When Dr Strange uses the eye to turn back time, Mordo rebukes him, saying that his messing with time will have "consequences":

You think there will be no consequences, Strange? No price to pay? We broke our rules, just like her. The bill comes due. Always!

Do these "consequences" ever happen, in any universe?

Note: I really don't see the issue but let's clarify. I know the quote is from the movie but the movie is supposed to be (however loosely) based on the comics. So, does it ever happen - in the comics or MCU - that Dr Strange's manipulation of time has "consequences" as intended by Mordo in the the movie?

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    Comics or MCU or all? (Right now the scope is set to any canonical marvel work ever produced in any format).
    – Edlothiad
    May 11, 2018 at 12:22
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    There was only one movie and nothing happened... I don't mind actually but I'd expect only replies about the comics
    – algiogia
    May 11, 2018 at 12:24
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    The event you're describing happened in the MCU, so logically, you should be asking about consequences within the MCU, since the comics are a separate continuity (I say this partly because I've already half-written an answer under the assumption you were asking about the MCU).
    – F1Krazy
    May 11, 2018 at 12:27
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    From a quick google, it’s not the time stone in the comics and therefore can’t manipulate time.
    – Edlothiad
    May 11, 2018 at 14:15
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    @algiogia: this event probably didn’t happen in the comics. Something similar probably happened at some point, because Doctor Strange has been around since the 1960s and comics come out every damn month, but that’s not likely to be particularly relevant to Mordo’s comment in the MCU. May 11, 2018 at 14:33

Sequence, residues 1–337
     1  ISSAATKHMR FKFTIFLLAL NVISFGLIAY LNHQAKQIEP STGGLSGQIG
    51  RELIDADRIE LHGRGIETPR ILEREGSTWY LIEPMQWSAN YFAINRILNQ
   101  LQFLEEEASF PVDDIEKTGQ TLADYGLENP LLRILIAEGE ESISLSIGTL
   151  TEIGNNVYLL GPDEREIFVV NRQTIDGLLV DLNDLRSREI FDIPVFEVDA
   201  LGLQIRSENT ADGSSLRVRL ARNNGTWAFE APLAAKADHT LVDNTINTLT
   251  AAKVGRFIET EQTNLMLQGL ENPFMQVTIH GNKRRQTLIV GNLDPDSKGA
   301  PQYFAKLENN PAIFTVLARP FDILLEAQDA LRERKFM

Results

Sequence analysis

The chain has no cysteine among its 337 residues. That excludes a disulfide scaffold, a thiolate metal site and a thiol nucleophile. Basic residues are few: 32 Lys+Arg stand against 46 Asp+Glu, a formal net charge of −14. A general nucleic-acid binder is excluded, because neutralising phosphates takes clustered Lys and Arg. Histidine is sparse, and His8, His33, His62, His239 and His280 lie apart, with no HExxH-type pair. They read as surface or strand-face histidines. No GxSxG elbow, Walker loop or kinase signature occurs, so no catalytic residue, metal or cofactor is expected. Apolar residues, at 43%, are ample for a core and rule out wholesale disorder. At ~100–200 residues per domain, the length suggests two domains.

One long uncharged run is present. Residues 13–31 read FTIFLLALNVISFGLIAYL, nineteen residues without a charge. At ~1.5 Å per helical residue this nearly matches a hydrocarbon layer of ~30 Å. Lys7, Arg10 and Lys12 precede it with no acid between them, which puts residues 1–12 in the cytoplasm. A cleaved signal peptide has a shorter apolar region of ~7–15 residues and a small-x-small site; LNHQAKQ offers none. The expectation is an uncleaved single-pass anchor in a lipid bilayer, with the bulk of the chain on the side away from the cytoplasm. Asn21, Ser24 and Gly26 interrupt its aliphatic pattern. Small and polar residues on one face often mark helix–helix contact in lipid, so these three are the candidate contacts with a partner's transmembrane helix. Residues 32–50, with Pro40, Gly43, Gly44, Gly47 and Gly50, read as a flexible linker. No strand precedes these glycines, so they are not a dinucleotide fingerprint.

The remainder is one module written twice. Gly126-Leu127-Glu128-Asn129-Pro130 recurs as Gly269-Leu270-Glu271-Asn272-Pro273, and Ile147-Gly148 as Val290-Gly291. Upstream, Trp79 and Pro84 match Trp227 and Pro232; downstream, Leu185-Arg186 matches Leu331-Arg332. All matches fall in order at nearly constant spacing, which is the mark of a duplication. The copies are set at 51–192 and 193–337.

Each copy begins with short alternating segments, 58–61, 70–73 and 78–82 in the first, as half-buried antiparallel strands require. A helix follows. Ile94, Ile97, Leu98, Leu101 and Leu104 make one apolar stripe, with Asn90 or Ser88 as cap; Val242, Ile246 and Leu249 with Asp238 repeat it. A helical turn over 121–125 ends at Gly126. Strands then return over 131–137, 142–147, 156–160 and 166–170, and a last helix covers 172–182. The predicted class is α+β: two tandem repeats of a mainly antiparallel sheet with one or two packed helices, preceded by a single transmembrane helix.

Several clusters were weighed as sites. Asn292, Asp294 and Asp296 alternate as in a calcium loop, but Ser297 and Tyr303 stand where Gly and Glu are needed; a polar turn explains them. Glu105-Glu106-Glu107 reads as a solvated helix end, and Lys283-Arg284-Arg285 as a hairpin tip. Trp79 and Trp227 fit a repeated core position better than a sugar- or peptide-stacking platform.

2 Answers 2


From the comics: Dr. Strange has been shown paying the bill for use of magic on multiple occasions.

First: in the comics, the Eye of Agamotto is not the Time Gem, and I'm not sure the Eye has been shown manipulating time (though it may well have been used to view past events). So, no, the comics do not show him "paying the bill" for manipulating time, because that's something specific to the films.

That said, the idea that the good Doctor might have to pay for his use of magic is not a new one.

When Stan Lee first created the character, he simply made up cool-sounding names for different magical spells Strange would cast: the Rings of Raggador, the Crimson Bands of Cyttorak, etc. After a year or so, he took one of those entities Strange had named, Dormammu, and turned it into a character - and one of Strange's deadliest opponents. (Side note: Cyttorak quickly got an additional mention as well, as the source of the gem that gave Cain Marko the power of the Juggernaut). Note that after fighting Dormammu, Strange never tries to use him in an incantation again.

In the 1980s, there was a storyline (when Strange didn't have his own book - he starred in one-half of Strange Tales, with Cloak and Dagger in the other half) where Strange was forced, for various reasons, to use some darker magic. He lost use of the Eye of Agamotto, and found himself driven more and more to use dark magic. He finally turned things around, and was able to set aside the dark magic and go back to his old self.